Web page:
Little did the neighbour know what went on inside the house. It wasn’t just the pronghorn head on the wall, or the bits and pieces of pronghorn carefully bagged but nauseatingly identifiable in the family freezer — “You never knew what you were going to find in there,” my mother told me recently. “When I look back on it, I was terribly good natured.” — but also the rows of pronghorn antelope fetuses suspended in formaldehyde in the Mason jars that lined my father’s home office.
I used to look at them for hours, unable to stop thinking about the dead mothers they had come from, targeted because they were pregnant, wombs ripped open for their contents. They had been collected in aid of another of my dad’s findings — pronghorns conceive as many as nine young at a time, but only the two strongest survive. Further research by an American colleague of my dad’s revealed that the most ambitious of those embryos get rid of their siblings by stabbing them to death — the conniving twins practising fratricide in utero. It was positively mythic.
It wasn’t just the bits and pieces of pronghorn carefully bagged in the family freezer, but also the rows of pronghorn fetuses suspended in formaldehyde in Mason jars that lined my father’s home office.
Over the years as a science journalist, I’ve thought a lot about the theory that a scientist falls in love with a subject because it either embodies the scientist’s personality or repudiates it.
For my dad, it was the former. Like the pronghorn, he had no siblings and few relatives. I think he felt like an outsider, born to a teenaged mother forced to marry his father because of him. They divorced when my dad was five, rare in Canada in 1930.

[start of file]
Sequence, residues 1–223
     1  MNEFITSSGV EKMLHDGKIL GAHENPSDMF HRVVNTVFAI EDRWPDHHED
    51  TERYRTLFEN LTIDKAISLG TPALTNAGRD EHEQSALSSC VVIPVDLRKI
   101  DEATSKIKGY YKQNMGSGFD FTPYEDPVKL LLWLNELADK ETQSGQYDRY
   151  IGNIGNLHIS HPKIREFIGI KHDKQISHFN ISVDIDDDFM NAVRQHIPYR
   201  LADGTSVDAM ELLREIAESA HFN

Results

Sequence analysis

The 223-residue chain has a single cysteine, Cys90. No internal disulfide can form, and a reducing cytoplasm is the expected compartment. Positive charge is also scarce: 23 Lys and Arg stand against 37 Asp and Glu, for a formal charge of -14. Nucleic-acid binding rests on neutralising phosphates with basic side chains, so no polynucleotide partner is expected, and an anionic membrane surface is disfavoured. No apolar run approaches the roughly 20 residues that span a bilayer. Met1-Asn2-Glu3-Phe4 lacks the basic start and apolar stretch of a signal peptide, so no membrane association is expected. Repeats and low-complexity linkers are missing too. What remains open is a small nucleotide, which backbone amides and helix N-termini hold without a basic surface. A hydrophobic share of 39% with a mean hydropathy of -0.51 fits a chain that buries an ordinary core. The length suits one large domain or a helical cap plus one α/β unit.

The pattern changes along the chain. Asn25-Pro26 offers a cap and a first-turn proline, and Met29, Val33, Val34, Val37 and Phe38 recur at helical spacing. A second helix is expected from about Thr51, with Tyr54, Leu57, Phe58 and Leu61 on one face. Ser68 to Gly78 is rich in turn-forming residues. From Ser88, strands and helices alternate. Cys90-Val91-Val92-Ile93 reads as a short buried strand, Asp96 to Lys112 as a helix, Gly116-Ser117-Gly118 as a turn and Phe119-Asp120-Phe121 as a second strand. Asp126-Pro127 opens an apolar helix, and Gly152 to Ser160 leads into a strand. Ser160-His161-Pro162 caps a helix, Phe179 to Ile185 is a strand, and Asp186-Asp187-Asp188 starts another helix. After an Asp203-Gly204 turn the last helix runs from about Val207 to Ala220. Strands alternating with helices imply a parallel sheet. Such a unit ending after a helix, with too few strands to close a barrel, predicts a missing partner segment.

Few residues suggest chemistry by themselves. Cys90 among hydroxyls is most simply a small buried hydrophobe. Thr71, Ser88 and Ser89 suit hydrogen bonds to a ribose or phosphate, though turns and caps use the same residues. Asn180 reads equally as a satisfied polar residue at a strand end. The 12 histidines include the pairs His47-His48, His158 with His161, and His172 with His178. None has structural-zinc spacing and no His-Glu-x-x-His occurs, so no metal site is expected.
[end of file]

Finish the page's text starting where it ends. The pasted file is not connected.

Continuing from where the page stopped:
He was smart and graceful and devilishly hard to catch. I remember the tales he told of running feral in the Depression-era streets of Vancouver, stealing apples from the trees with impunity. A survivor, certainly, and perhaps an unlikely one. His father got custody of him — a bigger scandal than the divorce — and his father’s mother, blind from diabetes, tried to raise him. He used to talk about her attempts to sterilize needles in boiling water before injecting insulin, and about how she made him get coal from the half-cellar where the rats were almost as big as he was.
His saving grace, in a bizarre way, was the Second World War. He joined the Royal Canadian Air Force the minute he could and, with that binocular eyesight that could eventually spot a pronghorn at impossible distances, he trained for battle.
The war ended before he got overseas, but along with his discharge, he got a ticket to university. The first in his extended family of Scottish immigrants to attend university, he went on to get a PhD — on the pronghorn. To the end of her life, his mother lamented that he had never had a profession like her sister’s son Doug, the fireman.